NORTON, Va. - Every fifth of the month, we wear our red at News 5. It's part of our partnership with Wellmont Health System to keep you informed about the leading cause of death in women -- heart disease.
This month, News 5 sat down with a woman who spent years battling fainting spells and learned how a device smaller than the size of your palm made a big difference in her life.
For nine years, Betty Edwards never knew when it would happen. "I was just in the bathroom brushing my teeth getting ready to go to bed, and I just fell backwards in the floor," said Edwards.
Fainting spells would come and go; at home, at the grocery store, even while singing at church. "It comes on so fast that I don't really understand it," said Edwards.
But a lack of understanding wasn't for lack of trying. Edwards did not ignore her symptoms. "They did every test that you could think of but nothing showed up," Edwards added.
To get some answers, Edwards starting wearing a heart monitor where technicians would actually kept an eye on her heartbeat 24/7.
What doctors found was alarming. "It had caught that her heart had almost practically stopped for a good 10 seconds," said Dr. Orson Go, a Wellmont CVA cardiologist.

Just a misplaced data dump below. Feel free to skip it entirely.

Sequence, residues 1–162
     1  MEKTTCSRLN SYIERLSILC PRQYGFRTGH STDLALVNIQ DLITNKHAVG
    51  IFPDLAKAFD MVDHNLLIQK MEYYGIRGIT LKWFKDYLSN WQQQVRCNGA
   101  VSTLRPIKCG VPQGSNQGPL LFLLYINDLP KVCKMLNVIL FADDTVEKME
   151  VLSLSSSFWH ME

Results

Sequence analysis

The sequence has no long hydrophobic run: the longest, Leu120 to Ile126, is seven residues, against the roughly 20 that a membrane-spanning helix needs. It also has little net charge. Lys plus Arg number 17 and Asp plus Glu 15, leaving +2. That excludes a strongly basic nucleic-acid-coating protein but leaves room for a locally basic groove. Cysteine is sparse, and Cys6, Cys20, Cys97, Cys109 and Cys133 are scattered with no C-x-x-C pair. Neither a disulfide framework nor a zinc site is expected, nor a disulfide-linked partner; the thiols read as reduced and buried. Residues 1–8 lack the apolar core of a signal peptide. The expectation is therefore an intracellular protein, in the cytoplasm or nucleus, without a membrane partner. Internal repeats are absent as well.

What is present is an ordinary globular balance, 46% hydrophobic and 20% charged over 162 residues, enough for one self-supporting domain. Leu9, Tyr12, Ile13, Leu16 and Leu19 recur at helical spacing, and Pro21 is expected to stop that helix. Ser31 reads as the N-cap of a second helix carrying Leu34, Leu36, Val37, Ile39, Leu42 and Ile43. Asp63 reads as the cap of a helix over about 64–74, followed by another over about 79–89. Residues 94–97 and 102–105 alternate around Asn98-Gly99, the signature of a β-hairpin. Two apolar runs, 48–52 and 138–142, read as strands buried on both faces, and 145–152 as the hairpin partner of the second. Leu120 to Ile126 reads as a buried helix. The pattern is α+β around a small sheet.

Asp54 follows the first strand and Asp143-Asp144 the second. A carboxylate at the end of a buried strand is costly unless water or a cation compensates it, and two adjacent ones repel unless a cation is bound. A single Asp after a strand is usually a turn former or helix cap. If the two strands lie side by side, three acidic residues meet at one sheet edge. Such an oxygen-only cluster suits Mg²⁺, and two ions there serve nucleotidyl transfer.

"I was shocked and a little scared," Edwards told us.
Dr. Go said Edwards has a condition called 'sick sinus syndrome', where the heart's natural pacemaker weakens, sometimes stopping the heart. "The electricity of the heart is like a light bulb. When you're healthy it goes on really easily, and just before that electricity completely disappears, it will flicker," Dr. Go explained.
The condition could lead to heart failure, so surgeons immediately implanted an artificial pacemaker. "The purpose of the pacemaker is to deliver a small amount of electricity just like the heart's normal rhythm," said Dr. Go.
With a heart now keeping a normal cadence, Edwards doesn't have to worry about passing out or missing out on a full and happy life. "That's my friend now!" laughed Edwards as she talked about her pacemaker.
Here is an important fact to remember: if you experience symptoms you believe could be heart-related, like frequent fainting, see a physician as soon as possible.
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